50% or above: Second Class Honours, grade 2
60% or above: Second Class Honours, grade 1
70% or above: First Class Honours
Semester courses convert as 5 ECTS while year-long courses convert as 10 ECTS.
Schedule of Law Courses for Visiting Arts Students 2011/2012
Code ECTS Examination
LW411 Company Law I 5 Two hour exam
LW227 Constitutional Law I 5 Two hour exam
LW409 Criminal I 5 Two hour exam
LW365 Criminology 5 Two hour exam
LW503 European Union Law I 5 Two hour exam
LW357 Environmental Law 5 Two hour exam
LW356 Industrial and Intellectual Property Law 5 Two hour exam
LW383 Information Technology Law 5 Two hour exam
LW343 International Protection of Human Rights 5 Two hour exam
LW354 Media Law 5 Two hour exam
LW203 Tort I 5 Two hour exam
LW414 Company Law II 5 Two hour exam
LW228 Constitutional Law II 5 Two hour exam
LW413 Criminal II 5 Two hour exam
LW394 Criminal Justice 5 Two hour exam
LW504 European Union Law II 5 Two hour exam
LW393 Entertainment Law 5 Two hour exam
LW358 Environmental Law 5 Two hour exam
LW385 European Human Rights 5 Two hour exam
LW405 Health Law & Policy 5 Two hour exam
LW415 Law of the Sea 5 Two hour exam
LW206 Tort II 5 Two hour exam
SYLLABI OF COURSES 2011/2012
LW411 Company Law I: The Legal classification of organisations. Structures for the conduct of business,
especially the single trader, partnership, company and the co-operative society. The formation of a company by
registration under the Companies Acts. The concepts of corporate personality, limited liability, and ultra vires. The law
relating to the Memorandum and Articles of Association. The definition, function and legal duties of company promoters
and directors. Majority rule and minority rights.
LW414 Company Law II: The nature, issue, allotment and maintenance of capital. Mortgages, charges and
receivership. Company membership, shares and debentures, share certificates and share transfers. The law relating to
company management, administration, mergers, take-overs, and monopolies, companies, capitalism, and industrial
democracy. The EC company law harmonisation programme. The legal process and problems of company liquidation and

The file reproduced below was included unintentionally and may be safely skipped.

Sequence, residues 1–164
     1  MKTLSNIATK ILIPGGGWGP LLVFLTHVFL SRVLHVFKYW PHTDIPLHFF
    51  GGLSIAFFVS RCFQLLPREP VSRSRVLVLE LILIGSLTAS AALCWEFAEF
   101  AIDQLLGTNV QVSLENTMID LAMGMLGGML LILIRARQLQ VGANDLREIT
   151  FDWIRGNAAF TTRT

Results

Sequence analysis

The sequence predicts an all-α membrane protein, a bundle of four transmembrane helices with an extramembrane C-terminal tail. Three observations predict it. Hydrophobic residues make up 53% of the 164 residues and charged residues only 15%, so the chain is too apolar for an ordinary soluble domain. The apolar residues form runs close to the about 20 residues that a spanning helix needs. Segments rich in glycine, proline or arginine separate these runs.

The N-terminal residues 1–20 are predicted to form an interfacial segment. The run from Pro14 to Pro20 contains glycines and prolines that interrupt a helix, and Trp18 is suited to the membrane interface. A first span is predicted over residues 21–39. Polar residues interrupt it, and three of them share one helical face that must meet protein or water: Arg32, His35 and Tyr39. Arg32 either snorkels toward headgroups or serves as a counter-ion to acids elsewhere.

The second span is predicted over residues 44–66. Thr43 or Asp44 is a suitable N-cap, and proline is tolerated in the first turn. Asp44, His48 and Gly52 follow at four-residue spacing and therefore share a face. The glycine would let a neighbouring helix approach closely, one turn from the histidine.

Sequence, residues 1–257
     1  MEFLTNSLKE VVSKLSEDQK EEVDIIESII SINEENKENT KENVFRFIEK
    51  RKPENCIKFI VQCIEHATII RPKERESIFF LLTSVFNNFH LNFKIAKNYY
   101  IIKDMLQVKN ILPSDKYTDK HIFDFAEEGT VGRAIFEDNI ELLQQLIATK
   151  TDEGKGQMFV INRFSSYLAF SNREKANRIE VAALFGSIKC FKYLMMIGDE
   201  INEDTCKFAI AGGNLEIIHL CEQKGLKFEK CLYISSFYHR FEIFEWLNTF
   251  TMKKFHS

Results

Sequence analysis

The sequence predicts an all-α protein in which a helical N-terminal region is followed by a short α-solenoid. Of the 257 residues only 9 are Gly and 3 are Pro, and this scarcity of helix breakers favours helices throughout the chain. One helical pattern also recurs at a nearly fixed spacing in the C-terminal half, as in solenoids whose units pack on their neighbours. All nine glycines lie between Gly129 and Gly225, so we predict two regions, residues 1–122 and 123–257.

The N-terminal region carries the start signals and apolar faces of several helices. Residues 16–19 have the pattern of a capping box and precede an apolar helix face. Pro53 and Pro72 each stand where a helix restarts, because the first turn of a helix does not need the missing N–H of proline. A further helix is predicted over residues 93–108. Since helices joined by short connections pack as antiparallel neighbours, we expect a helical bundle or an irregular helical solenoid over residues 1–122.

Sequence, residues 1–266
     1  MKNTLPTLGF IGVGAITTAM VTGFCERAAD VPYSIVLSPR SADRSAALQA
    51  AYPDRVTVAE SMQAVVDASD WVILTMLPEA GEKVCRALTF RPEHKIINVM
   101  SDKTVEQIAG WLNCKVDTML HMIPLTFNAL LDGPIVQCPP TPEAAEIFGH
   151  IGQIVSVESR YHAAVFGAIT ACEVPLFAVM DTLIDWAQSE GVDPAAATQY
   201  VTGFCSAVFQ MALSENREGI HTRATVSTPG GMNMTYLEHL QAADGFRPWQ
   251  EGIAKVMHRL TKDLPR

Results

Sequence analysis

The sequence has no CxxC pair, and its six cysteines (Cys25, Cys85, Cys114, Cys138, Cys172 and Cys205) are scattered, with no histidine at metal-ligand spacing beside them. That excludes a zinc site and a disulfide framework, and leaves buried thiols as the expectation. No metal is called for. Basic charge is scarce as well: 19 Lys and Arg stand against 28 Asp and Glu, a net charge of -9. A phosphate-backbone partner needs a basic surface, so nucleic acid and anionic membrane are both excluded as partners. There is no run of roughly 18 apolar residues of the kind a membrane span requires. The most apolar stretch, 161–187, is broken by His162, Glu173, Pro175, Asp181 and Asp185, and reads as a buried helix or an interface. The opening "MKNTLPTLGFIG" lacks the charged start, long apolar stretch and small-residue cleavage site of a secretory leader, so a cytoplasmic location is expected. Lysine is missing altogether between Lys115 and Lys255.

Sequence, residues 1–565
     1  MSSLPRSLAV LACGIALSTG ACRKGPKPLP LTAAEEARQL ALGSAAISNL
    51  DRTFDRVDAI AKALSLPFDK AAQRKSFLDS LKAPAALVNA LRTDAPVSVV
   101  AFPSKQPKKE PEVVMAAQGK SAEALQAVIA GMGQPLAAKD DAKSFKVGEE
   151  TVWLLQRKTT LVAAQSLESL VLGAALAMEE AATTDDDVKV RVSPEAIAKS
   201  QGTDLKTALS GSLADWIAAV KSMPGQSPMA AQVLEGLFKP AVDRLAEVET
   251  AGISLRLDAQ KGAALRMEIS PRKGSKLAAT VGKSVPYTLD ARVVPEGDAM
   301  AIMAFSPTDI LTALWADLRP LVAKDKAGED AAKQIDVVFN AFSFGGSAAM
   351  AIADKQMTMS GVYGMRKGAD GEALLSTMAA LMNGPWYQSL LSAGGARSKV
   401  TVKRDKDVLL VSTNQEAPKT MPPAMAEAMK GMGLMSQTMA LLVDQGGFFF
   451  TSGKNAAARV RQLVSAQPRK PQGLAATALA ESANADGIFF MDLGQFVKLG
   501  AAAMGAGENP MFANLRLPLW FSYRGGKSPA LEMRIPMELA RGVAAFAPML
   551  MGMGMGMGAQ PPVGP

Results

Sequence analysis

LW227 Constitutional Law I: Deals with Irish constitutional history and includes a basic introduction to
constitutional theory. Its primary focus is on the 1937 Constitution as a constitutive instrument of statehood and in
exploring this theme there is a detailed consideration of the doctrine of separation of powers as it applies in Ireland.
LW228 Constitutional Law II: Deals with the fundamental right guaranteed by the Irish Constitution. This
includes a consideration of the doctrine of unenumerated rights developed under that instrument and the particular issues
of constitutional theory that arise in relation to fundamental rights jurisprudence generally.
LW409 Criminal I: In this semester course, we will be concerned with the general principles of criminal liability.
We will consider the philosophical foundations of the criminal law, and the elements of liability. The semester will end
with a consideration of the principal general defences.
LW413 Criminal II: This semester course is concerned with the principal offences known to Irish law. We begin
with the Inchoate Offences – Incitement, Conspiracy, and attempts. The most serious offences – homicide, non-fatal
offences, and sexual offences are then considered, and the course will end with a consideration of the principal property
LW394 Criminal Justice: This course, which may be taken in conjunction with or independently of Criminology,
will examine certain key contemporary issues in Criminal Justice, notably crime prevention, policing, prosectution policy,
preventative detention, gender and crime, trial procedures, imprisonment, and related issues. These topics will be
examined from both the legal and sociological perspectives.
LW365 Criminology: This course will deal with certain fundamental questions connected with criminal justice